The Syntax of Visual C++ Comments

Begin all comments with two slashes, //. 

In computer lingo, language syntax refers to the spelling of commands, the ordering of special characters, and the placing of the language elements. When you learn the syntax for a Visual C++ command or operation, you learn the exact format required so that Visual C++ knows what you want it to do. 

Comments are so important that you are now going to learn the syntax of comments (how to write comments so that Visual C++ knows that they are comments) before you learn any Visual C++ commands. Use comments abundantly so that someone reading your program later has a clear guide to the program's contents. A Visual C++ programmer might be able to trace through your Visual C++ code and figure out what the program does, but comments speed the process. The faster someone understands your code, the faster he or she can make any needed changes and move on to other projects. 

A comment begins with two forward slashes, sometimes called a double slash. Comments extend to the end of the line. In other words, you cannot have a command, a comment, and then another command all on the same line. Here is an example of a Visual C++ line with a comment: 

return ((a > b)?a:b);  // Grabs the larger of two values

Here is the same line without the comment: 

return ((a > b)?a:b);

With a comment, you don't even have to know Visual C++ in order to know what the statement is doing. Without a comment, as you can see, the statement looks like garbage characters that make no sense. 

The double slash is vital: without it, Visual C++ would refuse to accept the line. Even though return ((a > b)?a:b); is a valid Visual C++ command, if you left out the double slash comment signal, Visual C++ would see the words Grabs the larger of two values and not know what to do with them. After all, Visual C++ does not know English; it knows only C++. The comment is there not for Visual C++ but for a person looking through your program. 

Comments can reside on lines all by themselves. Sometimes you use comments for more than one program statement. Comments are useful for describing a section of several lines in a program and for putting in program notes about the programmer and the program. For example, the following small Visual C++ program contains two lines of comments that extend the entire line length, as well as three additional comments to the right of Visual C++ code. 

// Filename: COMAVGE.CPP  // Program to compute the average of three values  #include   void main()    {      float g1, g2, g3;   // Variables to hold student grades      cout << "What grade did the first student get? ";      cin >> g1;      cout << "What grade did the second student get? ";      cin >> g2;      cout << "What grade did the third student get? ";      cin >> g3;      float avg = (g1 + g2 + g3) / 3.0;   // Computes average      cout << "The student average is " <<>

All of the programs on this book's program disk are stored under a separate filename. You must tell your Visual C++ compiler the program's filename before it can load the program into memory and run it. To help you quickly try the examples throughout this book, a comment on the first line of every program contains the name of the program as it is stored on the disk. For instance, you can load the preceding program from the book's program disk by retrieving the file named COMAVGE.CPP.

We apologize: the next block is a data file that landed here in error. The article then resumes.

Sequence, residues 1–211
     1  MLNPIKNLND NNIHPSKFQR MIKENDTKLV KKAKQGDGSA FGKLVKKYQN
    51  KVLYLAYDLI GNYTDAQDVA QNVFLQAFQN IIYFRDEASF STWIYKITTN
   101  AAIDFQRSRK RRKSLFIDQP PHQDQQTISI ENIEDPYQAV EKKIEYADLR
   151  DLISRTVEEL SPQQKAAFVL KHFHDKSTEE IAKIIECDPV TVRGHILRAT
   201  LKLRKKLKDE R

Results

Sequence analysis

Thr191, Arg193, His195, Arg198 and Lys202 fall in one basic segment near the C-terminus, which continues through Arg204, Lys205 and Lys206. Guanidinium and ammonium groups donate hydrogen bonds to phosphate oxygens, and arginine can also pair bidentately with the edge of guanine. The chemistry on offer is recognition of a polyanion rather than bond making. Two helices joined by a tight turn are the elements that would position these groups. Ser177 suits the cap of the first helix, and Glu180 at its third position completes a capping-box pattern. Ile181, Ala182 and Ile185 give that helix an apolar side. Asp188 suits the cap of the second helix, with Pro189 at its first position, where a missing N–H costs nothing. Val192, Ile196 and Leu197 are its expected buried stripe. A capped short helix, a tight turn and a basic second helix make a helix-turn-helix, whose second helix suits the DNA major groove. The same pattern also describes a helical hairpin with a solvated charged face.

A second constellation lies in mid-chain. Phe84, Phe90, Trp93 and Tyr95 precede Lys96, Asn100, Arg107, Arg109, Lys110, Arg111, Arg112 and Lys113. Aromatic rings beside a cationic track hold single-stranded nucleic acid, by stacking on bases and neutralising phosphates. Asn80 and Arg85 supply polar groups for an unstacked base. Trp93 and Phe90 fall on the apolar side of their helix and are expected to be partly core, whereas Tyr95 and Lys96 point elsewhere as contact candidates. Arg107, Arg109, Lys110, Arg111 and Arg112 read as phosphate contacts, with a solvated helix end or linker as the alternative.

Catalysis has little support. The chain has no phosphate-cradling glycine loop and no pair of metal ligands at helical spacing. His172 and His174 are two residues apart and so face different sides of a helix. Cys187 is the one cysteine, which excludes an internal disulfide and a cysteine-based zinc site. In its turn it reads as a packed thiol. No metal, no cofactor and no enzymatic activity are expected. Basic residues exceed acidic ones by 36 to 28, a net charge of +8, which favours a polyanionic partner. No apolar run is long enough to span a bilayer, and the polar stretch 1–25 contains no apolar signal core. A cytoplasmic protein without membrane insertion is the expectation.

Many companies require their programmers to put their names in comments at the top of programs they write. If someone later has a question about the program, the original programmer can be traced. If several people make changes to a program, they often put their names too, with a brief comment about the changes they made. Because all these types of lines are commented, Visual C++ skips over them, as it should. Often, they also put a brief description of what the program is supposed to do at the beginning. 

Scatter comments throughout a program as well. If you write some tricky code that needs explanation, spend a few lines of comments, if needed, explaining what the next few lines of code do. 

Be proud of yourself! You do not yet know one bit of Visual C++ code, yet you understand exactly what the preceding program does. That's the purpose of comments! They document a program so that you don't have to go through tedious code to learn what parts of the program are doing. 

A Visual C++ programmer usually can understand what a simple Visual C++ program is supposed to do, even if the program has no comments at all. As soon as you learn the Visual C++ language, you will be able to look through straight Visual C++ code, with no comments, and make changes that need to be made. The comments simply help describe what the program is doing. 

Comments begin with // and extend to the end of the line. You can put comments on lines by themselves or at the end of other C++ code. 

Comments Are For You, Too

Even if you write programs that you will maintain yourself, you'll need comments. 

Suppose that you write programs for your own use and amusement. Nobody but you will ever see the Visual C++ code you write. Can you think of why you should take the time to add comments to your own programs? There are plenty of reasons.